There is ‘no problem’ with chlorinated chicken and no scientific reason to uphold a ban on it after Brexit, a senior Government adviser has claimed.
In the US some chicken carcasses are washed in chlorine – a chemical used to make bleach – to destroy bacteria which could cause food poisoning.
But chlorine-washing was banned in the European Union in 1997 over concerns farmers wouldn’t try as hard to prevent contamination while the animals were alive.
After the UK leaves the EU it may have the freedom to change its laws to allow companies to start importing the chlorinated birds, which are cheaper to buy.
Sir Ian Boyd, a chief adviser at the Department for Environment, Food and Rural Affairs (DEFRA), said there’s no evidence the cheaper chicken is harmful to people’s health.
Some meat processing plants in the US rinse chicken carcasses in water mixed with chlorine – which is used to make bleach – in order to kill bacteria which could cause food poisoning, but the practice is banned in the EU because it threatens animal welfare (stock image)
He told Sky News: ‘From a health perspective there really isn’t a problem with chlorinated chicken.
‘The issue is about production processes and animal welfare, and that is a values-based choice that people need to make.
‘My view is that we need to be allowed to make that choice.
‘But it is the job of people like me to make sure that we explain as clearly as possible what the consequences of different choices are for people.’
The possibility of chlorine-washed chicken making it onto UK shelves has sparked heated debate in recent months as farmers say it undercuts animal welfare.
Chicken can cause food poisoning via bacteria such as salmonella and listeria, which are more likely to be present on animals farmed in poor conditions.
Farmers in the UK and EU are required to tackle the problem of bacterial contamination at its root, according to the National Farmers’ Union (NFU).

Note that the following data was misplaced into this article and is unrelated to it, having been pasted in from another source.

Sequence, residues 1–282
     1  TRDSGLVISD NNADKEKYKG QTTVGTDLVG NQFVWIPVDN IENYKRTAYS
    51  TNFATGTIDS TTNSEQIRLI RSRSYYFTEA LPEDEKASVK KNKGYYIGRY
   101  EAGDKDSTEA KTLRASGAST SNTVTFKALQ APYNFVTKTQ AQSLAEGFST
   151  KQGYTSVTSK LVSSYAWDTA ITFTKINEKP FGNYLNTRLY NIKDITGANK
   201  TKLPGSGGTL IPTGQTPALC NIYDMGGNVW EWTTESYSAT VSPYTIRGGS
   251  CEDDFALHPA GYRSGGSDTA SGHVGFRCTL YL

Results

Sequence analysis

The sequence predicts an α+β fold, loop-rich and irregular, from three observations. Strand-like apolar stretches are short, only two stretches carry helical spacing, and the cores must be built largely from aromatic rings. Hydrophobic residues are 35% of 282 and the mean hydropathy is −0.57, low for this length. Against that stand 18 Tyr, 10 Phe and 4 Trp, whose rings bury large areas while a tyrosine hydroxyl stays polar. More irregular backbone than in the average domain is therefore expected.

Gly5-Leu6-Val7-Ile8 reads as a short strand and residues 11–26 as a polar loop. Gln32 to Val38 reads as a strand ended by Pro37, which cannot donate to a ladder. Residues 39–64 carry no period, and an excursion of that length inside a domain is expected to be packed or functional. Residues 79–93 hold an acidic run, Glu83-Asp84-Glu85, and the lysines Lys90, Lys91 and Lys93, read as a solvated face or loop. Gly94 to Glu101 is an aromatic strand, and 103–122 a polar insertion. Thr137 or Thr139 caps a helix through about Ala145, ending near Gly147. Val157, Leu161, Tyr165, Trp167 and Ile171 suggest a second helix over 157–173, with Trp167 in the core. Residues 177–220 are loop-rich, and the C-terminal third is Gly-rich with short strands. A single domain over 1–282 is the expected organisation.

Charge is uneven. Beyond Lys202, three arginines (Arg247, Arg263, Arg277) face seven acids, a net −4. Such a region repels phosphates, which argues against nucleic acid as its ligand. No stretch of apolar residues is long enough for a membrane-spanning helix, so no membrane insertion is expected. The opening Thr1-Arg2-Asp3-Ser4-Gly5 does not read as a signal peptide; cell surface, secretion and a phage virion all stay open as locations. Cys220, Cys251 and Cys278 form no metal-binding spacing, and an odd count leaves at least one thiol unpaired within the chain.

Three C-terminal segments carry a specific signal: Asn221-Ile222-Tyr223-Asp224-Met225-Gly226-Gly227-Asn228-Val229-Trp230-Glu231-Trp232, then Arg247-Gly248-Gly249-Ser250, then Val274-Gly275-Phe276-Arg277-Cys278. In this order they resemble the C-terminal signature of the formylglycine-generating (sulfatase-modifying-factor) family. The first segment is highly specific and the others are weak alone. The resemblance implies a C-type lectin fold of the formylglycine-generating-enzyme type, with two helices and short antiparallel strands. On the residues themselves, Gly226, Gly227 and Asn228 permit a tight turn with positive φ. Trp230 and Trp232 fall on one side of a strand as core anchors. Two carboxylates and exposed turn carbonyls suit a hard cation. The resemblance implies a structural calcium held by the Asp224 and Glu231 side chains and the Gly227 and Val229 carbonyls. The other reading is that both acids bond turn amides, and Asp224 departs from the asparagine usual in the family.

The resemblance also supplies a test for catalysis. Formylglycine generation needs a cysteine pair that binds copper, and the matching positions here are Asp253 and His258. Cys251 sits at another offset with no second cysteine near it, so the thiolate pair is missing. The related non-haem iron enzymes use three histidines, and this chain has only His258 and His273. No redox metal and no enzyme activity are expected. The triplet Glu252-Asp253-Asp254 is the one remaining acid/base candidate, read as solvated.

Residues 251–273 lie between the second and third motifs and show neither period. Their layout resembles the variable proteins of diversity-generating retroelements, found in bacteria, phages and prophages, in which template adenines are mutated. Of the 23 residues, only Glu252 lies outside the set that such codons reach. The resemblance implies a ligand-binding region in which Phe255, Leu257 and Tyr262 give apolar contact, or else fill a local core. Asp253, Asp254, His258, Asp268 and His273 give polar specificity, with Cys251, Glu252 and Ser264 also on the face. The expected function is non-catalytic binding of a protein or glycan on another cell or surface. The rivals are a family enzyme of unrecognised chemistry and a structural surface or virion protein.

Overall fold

This involves keeping chickens healthy while they’re farmed and is costlier than battery farming them and disinfecting their bodies after they’re slaughtered.
Therefore, chicken meat from the farms with higher standards is more expensive than what could potentially be imported from more intensive producers in the US.
Chlorine-washed chicken is rinsed in water containing the disinfectant – which is also added to drinking water in the UK – in about 10 per cent of processing plants in the US, according to the National Chicken Council.
Prime Minister Boris Johnson (pictured on a visit to a farm near Newport, South Wales in July) has in the past said chlorine-washing chicken is a ‘no-brainer’, Sky News reported
CHANNEL 4 INVESTIGATION FINDS ‘SERIOUS HYGIENE ISSUES’ AT US CHICKEN PLANTS
A Channel 4 Dispatches documentary in June revealed serious health and safety issues at American chicken plants that want to send meat to Britain after Brexit.
Donald Trump’s administration insists that Britain would be expected to open its shops to American food, including ‘chlorinated chicken’, as part of a free trade deal.
The US government, farmers and processors insist their chicken is perfectly safe.